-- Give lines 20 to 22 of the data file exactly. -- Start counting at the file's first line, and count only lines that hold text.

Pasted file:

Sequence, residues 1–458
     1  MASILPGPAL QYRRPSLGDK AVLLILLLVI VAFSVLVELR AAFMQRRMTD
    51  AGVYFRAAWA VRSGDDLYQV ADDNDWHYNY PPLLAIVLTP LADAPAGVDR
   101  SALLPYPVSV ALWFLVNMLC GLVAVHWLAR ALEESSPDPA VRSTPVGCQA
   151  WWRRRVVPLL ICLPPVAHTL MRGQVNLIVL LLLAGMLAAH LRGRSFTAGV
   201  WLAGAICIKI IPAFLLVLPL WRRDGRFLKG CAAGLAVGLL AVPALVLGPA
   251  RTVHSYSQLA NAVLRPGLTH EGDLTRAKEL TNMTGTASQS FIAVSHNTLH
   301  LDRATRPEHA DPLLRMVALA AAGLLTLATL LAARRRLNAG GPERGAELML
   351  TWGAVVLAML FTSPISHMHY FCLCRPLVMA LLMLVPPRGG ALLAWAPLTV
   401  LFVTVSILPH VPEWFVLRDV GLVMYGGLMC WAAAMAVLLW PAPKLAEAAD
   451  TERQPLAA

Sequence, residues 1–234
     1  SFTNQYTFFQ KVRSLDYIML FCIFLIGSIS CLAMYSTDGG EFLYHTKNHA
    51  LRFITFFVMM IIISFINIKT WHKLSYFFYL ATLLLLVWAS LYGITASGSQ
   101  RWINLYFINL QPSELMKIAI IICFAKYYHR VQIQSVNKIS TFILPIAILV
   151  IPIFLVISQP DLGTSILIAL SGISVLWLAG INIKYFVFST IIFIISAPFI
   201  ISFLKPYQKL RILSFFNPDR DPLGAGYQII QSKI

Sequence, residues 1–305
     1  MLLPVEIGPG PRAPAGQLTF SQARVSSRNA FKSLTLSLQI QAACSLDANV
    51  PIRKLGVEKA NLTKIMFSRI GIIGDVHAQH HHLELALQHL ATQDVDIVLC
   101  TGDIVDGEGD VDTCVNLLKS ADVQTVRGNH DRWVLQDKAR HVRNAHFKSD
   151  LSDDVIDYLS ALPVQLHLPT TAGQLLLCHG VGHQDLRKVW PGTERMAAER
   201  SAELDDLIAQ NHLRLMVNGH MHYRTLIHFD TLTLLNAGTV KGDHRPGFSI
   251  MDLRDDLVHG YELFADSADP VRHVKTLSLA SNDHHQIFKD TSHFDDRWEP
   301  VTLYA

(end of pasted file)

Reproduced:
    51  PIRKLGVEKA NLTKIMFSRI GIIGDVHAQH HHLELALQHL ATQDVDIVLC
   101  TGDIVDGEGD VDTCVNLLKS ADVQTVRGNH DRWVLQDKAR HVRNAHFKSD
   151  LSDDVIDYLS ALPVQLHLPT TAGQLLLCHG VGHQDLRKVW PGTERMAAER